Product Review: Maxtor OneTouch Backup Solution - EnterpriseStorageForum.com

Product Review: Maxtor OneTouch Backup Solution

The new high-capacity OneTouch external hard drives from Maxtor make for a very simple small business backup solution, and one that won't break the bank. If you can't afford network-attached storage (NAS), this is the next best thing.

It doesn't get much simpler. The OneTouch products have a button on the front of their sleek chassis that when pressed activates bundled Retrospect backup software from Dantz Development, automatically backing up your data. Maxtor claims OneTouch is the first push button backup and restore hard drive-based solution on the market.

The company has introduced four OneTouch products: a 120GB (7200RPM) unit that connects via USB 2.0 and lists for $200; a 200GB (7200RPM) model that offers dual USB 2.0/ FireWire connections and lists for $300; a 250GB (7200RPM) USB 2.0/FireWire unit for $350; and a 300GB (5400RPM) USB 2.0/FireWire model for $400.

I wasn't overwhelmed with enthusiasm for the Express version of the Dantz backup software that comes with the drive, but it does the job. Fortunately, you don't have to use it, as the OneTouch unit can be customized so that pushing the button activates the application of your choice.

In fact, there are other possible uses for these products besides backup. Home users might want to turn them into digital jukeboxes, for example. Pushing the button could launch a jukebox program. Even the 120GB unit can store an entire music collection — without needing to use MP3 compression. (About 150 CDs at approximately 700MB per CD by my calculation.)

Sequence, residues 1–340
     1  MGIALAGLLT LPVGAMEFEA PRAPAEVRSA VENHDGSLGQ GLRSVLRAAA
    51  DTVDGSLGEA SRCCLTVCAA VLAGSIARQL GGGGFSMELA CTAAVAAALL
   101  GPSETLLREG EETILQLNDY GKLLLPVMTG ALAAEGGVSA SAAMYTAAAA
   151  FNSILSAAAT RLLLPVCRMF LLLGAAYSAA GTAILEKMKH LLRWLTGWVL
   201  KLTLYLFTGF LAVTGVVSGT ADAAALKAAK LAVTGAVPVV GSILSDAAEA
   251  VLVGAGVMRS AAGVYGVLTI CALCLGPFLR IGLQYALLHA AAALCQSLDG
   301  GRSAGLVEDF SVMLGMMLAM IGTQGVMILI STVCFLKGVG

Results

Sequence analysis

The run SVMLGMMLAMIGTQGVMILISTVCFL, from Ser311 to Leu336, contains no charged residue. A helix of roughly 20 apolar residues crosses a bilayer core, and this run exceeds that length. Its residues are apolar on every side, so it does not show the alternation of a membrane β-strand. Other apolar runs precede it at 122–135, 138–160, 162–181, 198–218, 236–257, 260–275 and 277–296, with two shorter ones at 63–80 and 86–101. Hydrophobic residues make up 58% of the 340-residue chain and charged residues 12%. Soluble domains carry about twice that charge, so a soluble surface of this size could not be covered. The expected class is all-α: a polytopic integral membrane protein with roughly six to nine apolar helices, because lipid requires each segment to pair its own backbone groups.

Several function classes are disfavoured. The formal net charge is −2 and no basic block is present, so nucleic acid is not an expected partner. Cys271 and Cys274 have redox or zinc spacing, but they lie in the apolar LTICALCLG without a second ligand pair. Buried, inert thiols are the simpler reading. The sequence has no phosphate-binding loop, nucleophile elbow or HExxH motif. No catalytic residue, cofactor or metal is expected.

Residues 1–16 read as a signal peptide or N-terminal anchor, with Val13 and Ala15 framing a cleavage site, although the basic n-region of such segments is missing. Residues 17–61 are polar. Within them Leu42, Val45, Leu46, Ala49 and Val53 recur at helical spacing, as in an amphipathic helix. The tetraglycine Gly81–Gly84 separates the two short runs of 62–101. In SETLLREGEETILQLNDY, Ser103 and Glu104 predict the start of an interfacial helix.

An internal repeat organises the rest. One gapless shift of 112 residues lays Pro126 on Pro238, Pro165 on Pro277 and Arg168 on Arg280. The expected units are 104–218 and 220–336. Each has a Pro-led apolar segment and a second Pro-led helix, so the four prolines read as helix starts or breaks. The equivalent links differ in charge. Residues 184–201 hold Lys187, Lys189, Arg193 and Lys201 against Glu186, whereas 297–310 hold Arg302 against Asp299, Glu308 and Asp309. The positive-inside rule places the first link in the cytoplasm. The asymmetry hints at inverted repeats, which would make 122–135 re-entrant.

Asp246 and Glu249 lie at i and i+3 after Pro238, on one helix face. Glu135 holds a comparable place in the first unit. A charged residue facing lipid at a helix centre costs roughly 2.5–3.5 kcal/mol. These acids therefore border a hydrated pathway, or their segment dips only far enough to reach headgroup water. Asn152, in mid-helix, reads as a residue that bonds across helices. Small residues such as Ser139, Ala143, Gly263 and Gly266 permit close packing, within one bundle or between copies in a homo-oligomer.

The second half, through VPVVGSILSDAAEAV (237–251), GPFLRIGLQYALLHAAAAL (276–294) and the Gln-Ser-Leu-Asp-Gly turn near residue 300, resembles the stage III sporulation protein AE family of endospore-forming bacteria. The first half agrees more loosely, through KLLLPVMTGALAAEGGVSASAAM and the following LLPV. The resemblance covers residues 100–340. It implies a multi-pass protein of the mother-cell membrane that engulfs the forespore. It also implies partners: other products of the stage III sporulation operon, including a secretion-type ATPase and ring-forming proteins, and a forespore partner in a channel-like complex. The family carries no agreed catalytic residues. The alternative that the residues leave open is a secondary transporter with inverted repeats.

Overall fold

But it's as a backup solution that OneTouch will have most appeal to small businesses. Given the large capacities, you can use them not just to back up essential data, but to back up complete disk images, including operating system files and application settings — everything necessary to recover quickly from a total disk melt down.

In the Lab

We reviewed the 120GB unit. It comes with the hard drive, a plastic stand that lets you set it on its edge (it takes up very little desk real estate this way), a universal serial bus USB 2 cable, and a software disk and manual.

The USB 2 connections on the OneTouch units are backward compatible to USB 1.1, so you can plug one of these drives into virtually any Pentium II or higher computer running Windows 98SE or higher without any problems, as long as the computer has a USB 1.1 port.

But you really want to use a USB 2 connection. It transfers data from your main hard drive to the OneTouch unit much quicker — up to a maximum burst rate of 480 megabits per second (Mbps), versus only about 12 Mbps for USB 1.1.

Page 2: Installing the Drive


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